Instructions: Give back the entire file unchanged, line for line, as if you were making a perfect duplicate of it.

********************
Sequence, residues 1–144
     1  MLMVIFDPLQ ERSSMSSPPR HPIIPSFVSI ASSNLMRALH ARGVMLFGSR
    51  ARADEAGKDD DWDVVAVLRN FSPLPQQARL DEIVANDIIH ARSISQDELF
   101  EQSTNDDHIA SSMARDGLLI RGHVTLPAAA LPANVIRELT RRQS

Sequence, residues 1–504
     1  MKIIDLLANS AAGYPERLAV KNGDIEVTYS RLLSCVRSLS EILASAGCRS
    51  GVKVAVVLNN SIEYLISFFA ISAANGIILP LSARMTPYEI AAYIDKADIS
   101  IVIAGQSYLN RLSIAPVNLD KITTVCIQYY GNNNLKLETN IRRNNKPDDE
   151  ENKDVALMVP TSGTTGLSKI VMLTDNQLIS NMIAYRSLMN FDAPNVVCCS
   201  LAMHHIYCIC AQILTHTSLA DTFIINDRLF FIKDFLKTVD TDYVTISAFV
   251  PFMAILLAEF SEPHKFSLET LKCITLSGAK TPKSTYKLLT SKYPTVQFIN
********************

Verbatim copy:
Sequence, residues 1–144
     1  MLMVIFDPLQ ERSSMSSPPR HPIIPSFVSI ASSNLMRALH ARGVMLFGSR
    51  ARADEAGKDD DWDVVAVLRN FSPLPQQARL DEIVANDIIH ARSISQDELF
   101  EQSTNDDHIA SSMARDGLLI RGHVTLPAAA LPANVIRELT RRQS

Sequence, residues 1–504
     1  MKIIDLLANS AAGYPERLAV KNGDIEVTYS RLLSCVRSLS EILASAGCRS
    51  GVKVAVVLNN SIEYLISFFA ISAANGIILP LSARMTPYEI AAYIDKADIS
   101  IVIAGQSYLN RLSIAPVNLD KITTVCIQYY GNNNLKLETN IRRNNKPDDE
   151  ENKDVALMVP TSGTTGLSKI VMLTDNQLIS NMIAYRSLMN FDAPNVVCCS
   201  LAMHHIYCIC AQILTHTSLA DTFIINDRLF FIKDFLKTVD TDYVTISAFV
   251  PFMAILLAEF SEPHKFSLET LKCITLSGAK TPKSTYKLLT SKYPTVQFIN